Tesla is delivering its entry-level 2022 Tesla Model 3 sedan a host of enhancements for 2021, including exterior styling elements that have swapped bright chrome for satin black trim.
Three new wheel designs give the rolling stock a fresh look, and the trunk lid is now power-operated
EV MOTOR AND IMPLEMENTATION
As with most EVs, the 2022 Tesla Model 3 gains speed smoothly and almost silently, with the electric motor providing strong power from a stop. And it’s fast—extremely so in some trims. The rear-wheel-drive Long Range model we tested sprinted from zero to 60 mph in 5.1 seconds.
The 2022 Tesla Model 3 Performance rockets to 60 mph in just 3.5 seconds—0.5-second faster than our long-term Model Long Range. Like all Teslas, the Model 3 carries its battery under the floor, resulting in a low center of gravity. This helps it change direction crisply and feel planted and stable in corners.
The steering is accurate and well-weighted, with three different settings that adjust the level of steering effort. The ride is firm without being harsh; without the noise of a gas-powered engine, however, you do hear plenty of noise inside the cabin as the tires thwack and thrum over pavement imperfections.
Three distinct 2022 Tesla Model 3 trims are offered, each with a different estimated driving range. The Standard Range Plus model is the most affordable, with a claimed range of 263 miles.
Upgrading to the Long Range or Performance models increases the Model 3’s estimated range to 315 miles for the Performance and an impressive 353 for the Long Range. Of course, this distance isn’t easy to achieve, as we’ve found in our long-term Long Range Model 3 test vehicle.
The 2022 Tesla Model 3 offers several different options for charging: Tesla’s network of fast-charging stations called Superchargers, adapters for DC public-charging stations, 240- and 120-volt outlets, and a home-charging station.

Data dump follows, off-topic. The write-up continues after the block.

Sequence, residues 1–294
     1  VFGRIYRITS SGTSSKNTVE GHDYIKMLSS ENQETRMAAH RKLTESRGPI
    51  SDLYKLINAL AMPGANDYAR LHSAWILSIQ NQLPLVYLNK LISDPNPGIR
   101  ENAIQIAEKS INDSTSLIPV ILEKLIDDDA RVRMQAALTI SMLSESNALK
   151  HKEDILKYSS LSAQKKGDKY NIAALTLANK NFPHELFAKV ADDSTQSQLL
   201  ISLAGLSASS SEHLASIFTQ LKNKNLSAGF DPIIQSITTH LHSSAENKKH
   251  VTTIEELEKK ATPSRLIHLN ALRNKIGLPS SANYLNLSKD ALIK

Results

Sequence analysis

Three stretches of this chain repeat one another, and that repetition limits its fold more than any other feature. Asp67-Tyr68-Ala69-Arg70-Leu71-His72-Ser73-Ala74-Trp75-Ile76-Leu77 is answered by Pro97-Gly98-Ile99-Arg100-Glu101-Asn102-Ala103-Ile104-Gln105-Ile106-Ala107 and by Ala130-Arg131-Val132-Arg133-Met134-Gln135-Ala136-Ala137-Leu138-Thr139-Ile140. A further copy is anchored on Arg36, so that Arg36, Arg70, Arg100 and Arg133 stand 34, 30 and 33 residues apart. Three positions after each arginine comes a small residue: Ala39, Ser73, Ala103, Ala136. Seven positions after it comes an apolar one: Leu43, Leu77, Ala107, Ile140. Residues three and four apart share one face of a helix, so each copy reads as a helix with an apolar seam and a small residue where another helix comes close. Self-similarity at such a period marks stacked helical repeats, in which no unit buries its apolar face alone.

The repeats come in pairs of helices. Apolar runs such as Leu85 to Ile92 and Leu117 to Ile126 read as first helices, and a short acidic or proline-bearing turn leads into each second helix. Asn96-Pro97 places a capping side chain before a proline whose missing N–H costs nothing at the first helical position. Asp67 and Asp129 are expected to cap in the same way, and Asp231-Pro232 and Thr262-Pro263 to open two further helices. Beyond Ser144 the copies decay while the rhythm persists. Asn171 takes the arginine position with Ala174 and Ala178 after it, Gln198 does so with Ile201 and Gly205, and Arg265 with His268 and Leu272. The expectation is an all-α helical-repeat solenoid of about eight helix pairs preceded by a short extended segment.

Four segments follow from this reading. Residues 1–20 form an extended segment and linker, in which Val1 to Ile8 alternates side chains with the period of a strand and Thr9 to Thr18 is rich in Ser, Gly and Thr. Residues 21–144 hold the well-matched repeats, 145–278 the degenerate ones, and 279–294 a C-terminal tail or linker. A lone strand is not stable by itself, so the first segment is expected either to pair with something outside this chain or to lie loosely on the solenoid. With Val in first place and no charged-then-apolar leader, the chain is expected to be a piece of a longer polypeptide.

ENERGY AND REAL-WORLD MPG
The various versions of the 2022 Tesla Model 3 are rated between 113 MPGe and 141 MPGe by the EPA. However, our test vehicle managed only 84 MPGe when we took it on our 200-mile highway fuel economy test.
The Model 3 comes standard with aluminum wheels covered by plastic aerodynamic hubcaps. We wanted to know how much impact those hubcaps have on the car’s driving range, so we tested it and were surprised to find that they helped more than expected.
INTERIOR, CONVENIENCE, AND BOOTH
We’re not exaggerating when we say that the Tesla Model 3 has an interior unlike any other car on the market today. It’s shockingly simple inside, with nearly everything controlled by the monolithic touchscreen in the dashboard’s center.
The Tesla’s low, flat floor makes for a spacious and airy feel inside. The front seats are supportive and comfortable, but the rear seats are cramped and uncomfortable; don’t expect adults to be able to spend time in them.
Folding the 60/40 split-folding rear seats is simple and expands the trunk considerably. The Model 3’s seatbacks fold flat, too, providing an uninterrupted cargo floor for hauling larger items. With the rear seats folded, the Model 3 provides enough room for 15 carry-on suitcases. There are also generously sized bins and cubbies throughout the cabin.
IN-VEHICLE INFOTAINMENT AND INTERCONNECTIONS
Navigation, Bluetooth, and USB connectivity are standard, but the 2022 Tesla Model 3 is oddly not available with AM radio or SiriusXM satellite radio. Several internet-streaming radio options are standard. It also can’t be equipped with Android Auto or Apple CarPlay. To make charging station layovers more bearable, the Model 3 offers plenty of entertainment options on its central display, including Netflix, YouTube, and a host of arcade games.
PROTECTION AND DRIVER-ASSISTANCE ASPECTS
Although we question whether the name Autopilot might be misleading, the driver-assist system has one of the best feature sets in the industry, with smooth operation and impressive capabilities such as automatic lane changes. For more information about the Model 3’s crash-test results, visit the National Highway Traffic Safety Administration (NHTSA) and Insurance Institute for Highway Safety (IIHS) websites